- The winter months should have been spent cleaning trays and pots out ready to start again.
- Not quite sowing, but potatoes should be being chatted by now - this is letting small sprouts grow on them so they're already growing when they're ready to be planted out. Keep them in good light conditions - this will cause the sprouts to remain compact and small, and green, rather than the long, spindly white sprouts you get from keeping them in the dark. Keep them frost free too.
- It's about the right time to start leeks and onions from seed, ideally with some heat (a small electric propagator is ideal).
- It's too early to start sowing things outdoors, but seeds such as broad beans can be started indoors in small pots, ready to plant out in April when things start warming up.
- Tomato seeds can be started, if you have a heated greenhouse to keep them growing - don't start seeds for an unheated greenhouse or outdoors until about the end of March.
TO PLANT OUT
- Onion sets can be planted out this time of year - plant them with the tip just slightly sticking out of the soil - this will allow you to see where you have planted them, yet keep the birds from rooting them out. It can be risky planting them this early - varying temperatures can confuse onions into bolting (flowering) and giving a greatly reduced harvest.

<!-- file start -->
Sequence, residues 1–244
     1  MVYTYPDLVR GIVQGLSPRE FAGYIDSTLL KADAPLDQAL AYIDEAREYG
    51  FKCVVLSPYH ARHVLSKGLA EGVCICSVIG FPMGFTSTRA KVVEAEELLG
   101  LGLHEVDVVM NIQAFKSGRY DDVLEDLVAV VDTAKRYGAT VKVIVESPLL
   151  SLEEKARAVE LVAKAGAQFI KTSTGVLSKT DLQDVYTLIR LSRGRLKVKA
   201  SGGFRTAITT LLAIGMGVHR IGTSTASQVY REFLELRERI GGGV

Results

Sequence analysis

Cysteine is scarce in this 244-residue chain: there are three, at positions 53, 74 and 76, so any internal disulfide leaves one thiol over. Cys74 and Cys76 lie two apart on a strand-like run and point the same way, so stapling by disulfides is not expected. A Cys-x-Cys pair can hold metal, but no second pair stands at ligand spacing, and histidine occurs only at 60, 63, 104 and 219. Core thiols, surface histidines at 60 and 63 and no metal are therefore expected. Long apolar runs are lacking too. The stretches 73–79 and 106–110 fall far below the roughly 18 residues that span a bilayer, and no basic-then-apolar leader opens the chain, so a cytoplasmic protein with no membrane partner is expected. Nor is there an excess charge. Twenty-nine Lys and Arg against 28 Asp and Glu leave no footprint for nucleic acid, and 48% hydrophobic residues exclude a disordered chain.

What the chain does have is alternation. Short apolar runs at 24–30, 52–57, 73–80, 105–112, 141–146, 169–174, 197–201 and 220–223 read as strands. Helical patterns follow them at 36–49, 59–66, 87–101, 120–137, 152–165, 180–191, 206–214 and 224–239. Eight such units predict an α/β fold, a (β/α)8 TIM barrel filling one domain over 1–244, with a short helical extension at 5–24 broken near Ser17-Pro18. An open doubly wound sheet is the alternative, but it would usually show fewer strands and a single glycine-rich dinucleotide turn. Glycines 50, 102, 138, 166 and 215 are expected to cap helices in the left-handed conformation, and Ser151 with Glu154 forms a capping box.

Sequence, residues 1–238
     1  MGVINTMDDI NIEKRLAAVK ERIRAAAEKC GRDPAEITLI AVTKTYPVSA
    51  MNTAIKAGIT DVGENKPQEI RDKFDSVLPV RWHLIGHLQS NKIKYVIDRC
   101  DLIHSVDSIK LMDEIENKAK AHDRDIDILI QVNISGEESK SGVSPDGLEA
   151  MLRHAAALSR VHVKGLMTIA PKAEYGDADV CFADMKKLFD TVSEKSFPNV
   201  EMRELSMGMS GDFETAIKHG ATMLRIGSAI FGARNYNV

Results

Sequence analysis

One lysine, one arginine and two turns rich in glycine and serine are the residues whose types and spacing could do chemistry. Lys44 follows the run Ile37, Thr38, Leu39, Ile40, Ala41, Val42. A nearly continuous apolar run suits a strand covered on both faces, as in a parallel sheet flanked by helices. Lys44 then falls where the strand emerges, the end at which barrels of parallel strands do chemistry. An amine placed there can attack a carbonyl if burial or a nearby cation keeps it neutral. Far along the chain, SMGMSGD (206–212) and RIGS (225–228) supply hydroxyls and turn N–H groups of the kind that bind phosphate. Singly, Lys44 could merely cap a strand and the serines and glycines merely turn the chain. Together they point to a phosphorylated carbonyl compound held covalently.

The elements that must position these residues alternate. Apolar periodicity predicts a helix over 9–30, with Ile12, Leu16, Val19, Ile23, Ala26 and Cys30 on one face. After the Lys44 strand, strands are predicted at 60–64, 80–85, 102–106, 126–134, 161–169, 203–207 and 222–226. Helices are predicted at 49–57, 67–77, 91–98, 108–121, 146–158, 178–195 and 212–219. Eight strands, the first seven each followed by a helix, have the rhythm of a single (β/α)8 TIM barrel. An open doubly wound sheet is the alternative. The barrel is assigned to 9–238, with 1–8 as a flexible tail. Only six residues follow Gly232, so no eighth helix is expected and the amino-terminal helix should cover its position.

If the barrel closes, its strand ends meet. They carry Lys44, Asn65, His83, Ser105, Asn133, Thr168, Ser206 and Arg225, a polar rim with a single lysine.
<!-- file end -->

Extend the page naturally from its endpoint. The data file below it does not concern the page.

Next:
- Any winter vegetables that are ready to come out can be dropped onto the dinner table; crops such as kale, cauliflower, sprouts, cabbage, rhubarb, endive and chicory are ready; for details of more, check out our Seasonal in February article to find out what you can harvest now.
- Rain and snow in winter can wash away many nutrients in the soil; keep beds covered with leafmould, autumn leaves, or spent compost.
- Its best to constantly weed when you can; the roots of perennial roots take hold over the winter and make them harder to pull later in the year.
- Protect any vulnerable pots outside by wrapping them in bubble wrap or hessian sacking. It also helps to group pots together in a sheltered corner of the garden.
- Knock any heavy snow fall from trees or shrubs to prevent branches getting damaged.
IN THE GREENHOUSE
- Most of the activity in the greenhouse this time of year will be sowing seeds, shown above.
- You can grow crops you wouldn't normally grow in this country, such as oranges, lemons and even pineapples, if you have a heated greenhouse. You won't get a huge crop, but as a novelty, it may be worth a try if you have the space!